To Patrick Vahey along with his coworkers, small businesses are critical for a community to flourish. That’s why his firm Greenline Ventures, with the support of the others, provides low-interest microloans for companies that have fewer than 50 workers on the Western Slope.
The Greenline Emergency Microloan Program intends to jolt modest companies with loans which range from $10,000 to $50,000 for 5 decades. There’s zero interest on these loans for its first six months plus a 2% rate for the rest 54. The loans will be managed via the company’s affiliate, Greenline Community Development Fund LLC.
“We see a lot of potential in Grand Junction. It has the potential to grow and there’s a lot of opportunity,” Vahey said. “Before the Paycheck Protection Program started rolling out, we wanted to see what difference we could make.”
Greenline, with the support of this Zoma Foundation, stepped up, fearing any national help would arrive too late, Vahey said.
Firms that employ must offer financial documents and some private details on owners, according to a news release from Greenline. This is the next round of loans Greenline has contributed to small companies in Colorado, the first coming in 2017 and being supplied just for minority, women or veteran-owned tiny companies across the Front Range.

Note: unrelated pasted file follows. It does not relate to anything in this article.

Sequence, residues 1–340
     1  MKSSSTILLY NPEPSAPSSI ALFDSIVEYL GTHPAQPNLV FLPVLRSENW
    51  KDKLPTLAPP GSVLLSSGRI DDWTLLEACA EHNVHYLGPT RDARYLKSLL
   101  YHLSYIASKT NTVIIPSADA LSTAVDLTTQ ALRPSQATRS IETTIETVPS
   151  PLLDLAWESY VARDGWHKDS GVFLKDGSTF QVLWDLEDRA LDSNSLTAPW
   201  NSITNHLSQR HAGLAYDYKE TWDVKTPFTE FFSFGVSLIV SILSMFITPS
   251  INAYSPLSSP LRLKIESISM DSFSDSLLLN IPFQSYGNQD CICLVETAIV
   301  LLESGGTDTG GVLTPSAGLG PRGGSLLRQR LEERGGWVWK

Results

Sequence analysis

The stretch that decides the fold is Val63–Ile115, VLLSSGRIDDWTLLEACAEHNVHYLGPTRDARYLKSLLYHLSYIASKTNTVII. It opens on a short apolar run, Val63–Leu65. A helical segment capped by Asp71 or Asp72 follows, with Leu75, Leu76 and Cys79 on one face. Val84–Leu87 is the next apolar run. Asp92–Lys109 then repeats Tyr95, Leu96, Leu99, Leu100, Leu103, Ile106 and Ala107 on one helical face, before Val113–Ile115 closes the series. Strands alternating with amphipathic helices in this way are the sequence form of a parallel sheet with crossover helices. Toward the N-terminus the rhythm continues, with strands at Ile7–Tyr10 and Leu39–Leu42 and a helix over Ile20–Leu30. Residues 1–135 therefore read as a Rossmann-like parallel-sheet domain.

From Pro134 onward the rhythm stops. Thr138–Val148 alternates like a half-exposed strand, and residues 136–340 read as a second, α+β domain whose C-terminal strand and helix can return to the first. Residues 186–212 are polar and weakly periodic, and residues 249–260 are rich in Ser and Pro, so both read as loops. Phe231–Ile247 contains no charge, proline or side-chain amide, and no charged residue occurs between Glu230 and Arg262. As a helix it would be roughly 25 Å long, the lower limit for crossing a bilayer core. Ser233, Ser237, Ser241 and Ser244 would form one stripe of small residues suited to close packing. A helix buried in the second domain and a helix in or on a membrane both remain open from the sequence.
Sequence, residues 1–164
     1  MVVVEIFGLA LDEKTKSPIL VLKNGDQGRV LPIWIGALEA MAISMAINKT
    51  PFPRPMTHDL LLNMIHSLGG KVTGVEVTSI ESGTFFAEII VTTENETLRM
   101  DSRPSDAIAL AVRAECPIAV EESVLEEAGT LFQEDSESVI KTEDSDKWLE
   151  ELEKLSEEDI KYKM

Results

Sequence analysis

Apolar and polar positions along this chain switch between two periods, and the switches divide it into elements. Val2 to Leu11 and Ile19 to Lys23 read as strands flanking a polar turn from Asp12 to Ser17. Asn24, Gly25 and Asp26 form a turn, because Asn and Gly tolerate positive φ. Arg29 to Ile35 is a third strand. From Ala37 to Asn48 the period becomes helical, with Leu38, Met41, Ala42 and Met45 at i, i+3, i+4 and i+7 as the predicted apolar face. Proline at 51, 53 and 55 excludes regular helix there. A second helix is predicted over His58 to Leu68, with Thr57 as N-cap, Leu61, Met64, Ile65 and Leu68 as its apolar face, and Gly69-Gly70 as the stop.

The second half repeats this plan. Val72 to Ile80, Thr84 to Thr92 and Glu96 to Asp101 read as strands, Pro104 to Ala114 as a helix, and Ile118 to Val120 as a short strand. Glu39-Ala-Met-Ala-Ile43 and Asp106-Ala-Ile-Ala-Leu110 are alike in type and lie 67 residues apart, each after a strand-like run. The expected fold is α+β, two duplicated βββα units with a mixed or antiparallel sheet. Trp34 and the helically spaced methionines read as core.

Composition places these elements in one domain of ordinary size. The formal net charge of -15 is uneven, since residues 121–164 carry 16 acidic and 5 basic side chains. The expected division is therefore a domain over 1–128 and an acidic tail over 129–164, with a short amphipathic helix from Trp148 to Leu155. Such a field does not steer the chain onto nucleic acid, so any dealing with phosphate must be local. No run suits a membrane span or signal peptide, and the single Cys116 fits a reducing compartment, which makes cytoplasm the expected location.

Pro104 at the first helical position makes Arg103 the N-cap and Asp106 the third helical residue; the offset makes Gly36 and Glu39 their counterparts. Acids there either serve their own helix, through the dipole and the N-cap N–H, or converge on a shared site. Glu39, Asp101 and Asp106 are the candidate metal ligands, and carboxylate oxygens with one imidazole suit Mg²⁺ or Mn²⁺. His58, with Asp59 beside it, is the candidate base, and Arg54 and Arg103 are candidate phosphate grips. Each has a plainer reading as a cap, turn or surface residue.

“Larger companies are able to weather the impacts of COVID much better,” Vahey said. “We’re hopeful that, because of this, jobs are retained and we prevent further deterioration of the economy.”
Vahey hopes to eliminate money. These low-interest loans aren’t meant to turn much profit, if any, ” he explained.
Most companies are entitled to the loans, and the program is seen on Greenline’s web site.
This is one of several resources to assist modest companies throughout the pandemic. The Grand Junction Small Business Development Center disaster relief page on its own site contains tips for business owners and information on upcoming webinars regarding halfway through the pandemic.
Another source in the arsenal can’t hurt, stated Diane Schwenke, president and CEO of the Grand Junction Area Chamber of Commerce.
“Any financial tools we have to help small businesses is great,” Schwenke said.